Although there are many Faith-based movies set around Christmas, films set around Lent tend to be a little grimmer.
During Lent, we make small sacrifices in order to understand what Christ went through in the Desert.
His 40 days and 40 nights are briefly covered in the Bible, with different accounts given by both Matthew and Luke. Many filmmakers have attempted to catalogue this time, fleshing out the temptations laid on by Satan and adding colour to Jesus’ struggle. Easter Week itself has been adapted frequently; with the drama of betrayals and subterfuge, the Easter story is perfectly formed for a dramatic treatment.
Here are the 5 inspirational Easter movies that will get through Lent, just make sure you keep your hands away from the popcorn:
When Martin Scorsese released The Last Temptation back in 1988, he was forced to open the film with a title card stating that the film in no way took inspiration from the Gospels for its interpretation of Jesus. The screenplay for the controversial movie was based on the equally contentious novel of the same name – a story that attempted to depict Jesus as a human character, rather than a perfect being.
The Last Temptation pick up Jesus’ story as a carpenter and follows right through to his death. Because of the no holds barred approach to depicting Jesus as a simple man, those with a rigid view of him may not approve of this film and it certainly isn’t for children.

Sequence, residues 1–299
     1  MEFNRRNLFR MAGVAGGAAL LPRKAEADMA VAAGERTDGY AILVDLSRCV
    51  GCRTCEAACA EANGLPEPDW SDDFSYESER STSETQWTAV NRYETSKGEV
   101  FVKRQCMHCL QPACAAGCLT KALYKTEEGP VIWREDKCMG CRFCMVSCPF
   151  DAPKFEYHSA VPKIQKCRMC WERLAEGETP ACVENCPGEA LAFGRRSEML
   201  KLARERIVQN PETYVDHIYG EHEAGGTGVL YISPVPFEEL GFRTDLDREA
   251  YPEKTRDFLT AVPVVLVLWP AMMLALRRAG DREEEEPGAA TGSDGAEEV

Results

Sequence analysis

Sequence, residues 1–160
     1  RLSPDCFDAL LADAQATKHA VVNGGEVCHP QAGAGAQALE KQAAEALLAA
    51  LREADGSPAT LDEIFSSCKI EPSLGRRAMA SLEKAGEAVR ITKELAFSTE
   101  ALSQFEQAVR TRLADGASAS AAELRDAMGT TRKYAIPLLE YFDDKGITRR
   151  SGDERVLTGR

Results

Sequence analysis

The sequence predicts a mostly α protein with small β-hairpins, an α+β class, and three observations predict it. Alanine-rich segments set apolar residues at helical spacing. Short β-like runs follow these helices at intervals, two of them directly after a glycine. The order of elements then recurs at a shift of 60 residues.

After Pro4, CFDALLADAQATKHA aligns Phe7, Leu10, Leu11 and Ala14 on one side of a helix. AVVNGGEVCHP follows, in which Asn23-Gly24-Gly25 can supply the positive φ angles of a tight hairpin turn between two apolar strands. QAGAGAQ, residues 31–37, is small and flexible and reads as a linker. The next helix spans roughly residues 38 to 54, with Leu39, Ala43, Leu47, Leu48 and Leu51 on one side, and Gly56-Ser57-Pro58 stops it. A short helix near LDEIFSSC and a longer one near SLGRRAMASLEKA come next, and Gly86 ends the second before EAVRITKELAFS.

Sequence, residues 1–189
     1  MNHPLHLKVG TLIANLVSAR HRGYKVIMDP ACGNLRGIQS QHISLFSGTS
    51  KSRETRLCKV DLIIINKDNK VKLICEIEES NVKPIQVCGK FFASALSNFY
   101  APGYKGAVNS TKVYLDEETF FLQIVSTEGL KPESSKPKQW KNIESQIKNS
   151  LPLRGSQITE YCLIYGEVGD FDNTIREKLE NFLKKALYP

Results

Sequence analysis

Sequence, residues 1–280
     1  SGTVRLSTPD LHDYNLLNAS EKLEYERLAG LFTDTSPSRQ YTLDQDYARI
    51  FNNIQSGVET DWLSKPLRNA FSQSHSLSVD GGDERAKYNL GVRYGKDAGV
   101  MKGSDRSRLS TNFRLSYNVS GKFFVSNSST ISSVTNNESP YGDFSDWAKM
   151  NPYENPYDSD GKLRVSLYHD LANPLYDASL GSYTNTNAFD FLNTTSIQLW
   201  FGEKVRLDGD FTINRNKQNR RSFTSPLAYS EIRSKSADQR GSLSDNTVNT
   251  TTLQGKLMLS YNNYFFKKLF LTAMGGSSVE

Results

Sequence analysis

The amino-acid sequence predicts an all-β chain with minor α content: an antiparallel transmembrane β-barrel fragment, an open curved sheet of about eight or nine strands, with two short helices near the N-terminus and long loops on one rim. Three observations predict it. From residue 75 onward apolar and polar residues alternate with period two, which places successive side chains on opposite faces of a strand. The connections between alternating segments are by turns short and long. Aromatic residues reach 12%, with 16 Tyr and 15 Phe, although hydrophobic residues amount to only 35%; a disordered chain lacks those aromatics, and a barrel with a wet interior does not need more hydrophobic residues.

This is a film that humanises the challenges that Jesus faced and successfully puts his plight into context.
Last Days In The Desert 
An altogether different take on Jesus, Ewan McGregor takes on the mantle from Willem Defoe in this small story that takes place towards the end of Jesus’ time in the desert. Last Days imagines another test, set by Satan, with an ordinary family at the centre of the problem. McGregor’s Jesus is a tired, worn man, reaching the edge of his limits – a new side to the character, yet to be seen.
At just under and hour and a half, this is a film that should surprise and please Christians of an older age.
The story is a simple one, but deftly explores ideas of human conflict with a troubled Jesus Christ as its centre.
The Passion of the Christ 
Mel Gibson is a man constantly dogged by controversy and this movie is no different. Depicting Jesus’ last 12 days before his crucifixion, the movie makes no attempt to avoid the grisly details of the grim trials that he was put through. Some have gone as far to say that Gibson revels in the violence somewhat – a claim that is backed up by the R-Rating given to it by the MPAA.
This is another film that is not suitable for children, the excessive graphic violence can be hard to watch at times which is one of the movie’s strengths. Jim Caviezel’s portrayal of Christ accentuates the grim determination and patience that he must have shown to deal with such overbearing abuse, something that we can all learn from.
The Miracle Maker 
After three relatively adult oriented movies, this is one for all the family. Although most Sunday School teachers will be familiar with this popular stop-motion animated movie, some younger ones might not have had the pleasure of watching it yet. Miracle Maker does a wonderful job of depicting the hardships that Jesus had to face as a younger man, attempting to achieve a similar result as The Last Temptation.
Although the animation might seem a little outdated today, young ones will nevertheless be enthralled by the visuals that this film offers. The characters are all voiced by British actors with a warmth and kindness that makes for a truly wholesome feeling.
The movies in this list might well be fictionalised versions of Jesus’ life but watching them can still bring us closer to God.